The treatment of CSC is surrounded by controversy, because of a striking lack of large prospective randomized controlled treatment trials (RCT) for CSC, and a spectrum of treatments has consequently been advocated. Because of the lack of RCTs, there is no gold standard for the treatment of CSC. Pharmaceutical industry appears to have a lack of interest to develop medication for CSC, and therefore we decided to perform our own investigator-initiated multicenter prospective randomized controlled treatment trial for chronic CSC: the PLACE trial. In this trial, we compared the two most commonly used treatments for chronic CSC: half-dose photodynamic therapy (PDT) and high-density subthreshold micropulse laser treatment (HSML). The PLACE trial is a unique collaborative European treatment trial, involving university expertise centers in the Netherlands (LUMC and Nijmegen), Cologne (Germany), Oxford (United Kingdom), and Paris (France). In this study, we were able to show that half-dose PDT was clearly superior over HSML both in terms of complete resolution of subretinal fluid on OCT, as well as certain functional parameters such as retinal sensitivity on microperimetry.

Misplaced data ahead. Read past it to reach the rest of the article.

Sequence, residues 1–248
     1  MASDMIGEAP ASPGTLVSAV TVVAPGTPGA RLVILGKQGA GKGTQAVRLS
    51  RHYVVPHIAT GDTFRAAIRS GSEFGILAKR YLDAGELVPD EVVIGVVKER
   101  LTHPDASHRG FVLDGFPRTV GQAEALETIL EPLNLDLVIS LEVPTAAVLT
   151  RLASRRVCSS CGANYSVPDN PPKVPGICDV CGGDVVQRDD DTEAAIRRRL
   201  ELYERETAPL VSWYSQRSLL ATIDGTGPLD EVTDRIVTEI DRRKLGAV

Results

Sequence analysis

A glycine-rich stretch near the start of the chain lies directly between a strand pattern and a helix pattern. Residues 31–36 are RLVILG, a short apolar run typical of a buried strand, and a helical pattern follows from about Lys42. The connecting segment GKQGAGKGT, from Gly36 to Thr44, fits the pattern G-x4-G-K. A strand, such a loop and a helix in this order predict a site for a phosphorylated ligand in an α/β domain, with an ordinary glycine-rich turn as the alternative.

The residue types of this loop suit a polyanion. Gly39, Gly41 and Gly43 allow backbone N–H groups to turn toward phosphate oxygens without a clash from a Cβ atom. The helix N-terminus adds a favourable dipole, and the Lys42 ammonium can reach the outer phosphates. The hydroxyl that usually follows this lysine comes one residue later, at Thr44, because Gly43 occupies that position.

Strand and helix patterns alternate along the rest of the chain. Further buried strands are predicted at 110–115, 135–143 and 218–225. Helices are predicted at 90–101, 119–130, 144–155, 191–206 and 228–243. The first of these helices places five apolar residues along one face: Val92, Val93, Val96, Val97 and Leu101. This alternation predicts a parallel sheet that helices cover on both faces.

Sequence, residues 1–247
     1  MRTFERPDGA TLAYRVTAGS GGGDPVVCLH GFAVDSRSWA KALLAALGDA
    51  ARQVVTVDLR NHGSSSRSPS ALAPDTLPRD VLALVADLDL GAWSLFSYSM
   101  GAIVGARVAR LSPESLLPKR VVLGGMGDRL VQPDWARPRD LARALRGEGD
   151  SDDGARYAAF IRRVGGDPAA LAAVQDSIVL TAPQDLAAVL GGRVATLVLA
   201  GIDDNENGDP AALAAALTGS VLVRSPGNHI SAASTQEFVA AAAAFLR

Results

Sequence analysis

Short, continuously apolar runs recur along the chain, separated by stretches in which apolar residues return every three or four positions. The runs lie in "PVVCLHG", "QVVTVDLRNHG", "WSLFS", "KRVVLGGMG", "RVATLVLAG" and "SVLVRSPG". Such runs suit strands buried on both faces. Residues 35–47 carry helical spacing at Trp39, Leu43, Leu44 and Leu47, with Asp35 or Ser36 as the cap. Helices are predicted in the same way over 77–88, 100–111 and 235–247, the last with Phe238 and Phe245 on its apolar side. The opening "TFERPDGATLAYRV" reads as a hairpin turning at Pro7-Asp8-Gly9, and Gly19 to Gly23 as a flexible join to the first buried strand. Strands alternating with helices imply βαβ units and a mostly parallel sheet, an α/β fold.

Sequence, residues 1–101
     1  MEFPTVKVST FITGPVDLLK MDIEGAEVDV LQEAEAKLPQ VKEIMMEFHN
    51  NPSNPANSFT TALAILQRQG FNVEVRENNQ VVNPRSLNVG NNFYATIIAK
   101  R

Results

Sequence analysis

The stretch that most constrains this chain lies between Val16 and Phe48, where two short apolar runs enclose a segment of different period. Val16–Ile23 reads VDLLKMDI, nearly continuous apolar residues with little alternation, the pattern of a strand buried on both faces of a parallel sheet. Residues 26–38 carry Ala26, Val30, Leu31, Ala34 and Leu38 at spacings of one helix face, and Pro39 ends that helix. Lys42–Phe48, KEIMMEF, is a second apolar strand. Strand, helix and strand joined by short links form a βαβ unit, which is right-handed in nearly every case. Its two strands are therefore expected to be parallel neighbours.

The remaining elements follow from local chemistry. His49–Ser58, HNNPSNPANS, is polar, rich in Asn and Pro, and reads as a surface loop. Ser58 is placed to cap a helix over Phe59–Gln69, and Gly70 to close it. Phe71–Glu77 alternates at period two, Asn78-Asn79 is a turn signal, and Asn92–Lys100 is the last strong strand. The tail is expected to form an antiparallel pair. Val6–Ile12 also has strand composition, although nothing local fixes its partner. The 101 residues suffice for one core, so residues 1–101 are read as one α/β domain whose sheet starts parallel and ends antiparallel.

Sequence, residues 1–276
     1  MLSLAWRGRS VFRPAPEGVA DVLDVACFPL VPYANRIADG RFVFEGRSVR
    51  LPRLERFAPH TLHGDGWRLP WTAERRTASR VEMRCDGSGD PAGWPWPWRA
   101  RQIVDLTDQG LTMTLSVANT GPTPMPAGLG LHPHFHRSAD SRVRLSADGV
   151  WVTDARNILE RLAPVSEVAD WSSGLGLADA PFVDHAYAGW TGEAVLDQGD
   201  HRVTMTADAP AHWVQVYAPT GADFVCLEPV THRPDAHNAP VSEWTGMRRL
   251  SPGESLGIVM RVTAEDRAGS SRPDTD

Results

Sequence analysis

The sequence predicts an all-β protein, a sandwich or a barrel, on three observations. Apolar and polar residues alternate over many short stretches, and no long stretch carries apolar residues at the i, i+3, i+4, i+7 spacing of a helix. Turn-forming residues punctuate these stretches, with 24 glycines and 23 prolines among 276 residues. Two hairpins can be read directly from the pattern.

Both treatments were shown to have a very favorable safety profile. The results have been published in May 2018 in the journal Ophthalmology. In the coming years, we aim to further analyze the results of a treatment cross-over study (REPLACE), the long-term outcome and recurrence risk after treatment, as well as subgroup analyses of the PLACE trial, for instance in patients with focal versus diffuse fluid leakage. Recently, we have also started inclusion for a second RCT, the SPECTRA study ( NCT03079141), which compares the outcome of half-dose PDT with eplerenone for the treatment of chronic CSC. The latter oral mineralocorticoid receptor antagonist medication has gained increasing popularity as first-line treatment for CSC in many countries, but prospective RCTs of its efficacy are again lacking.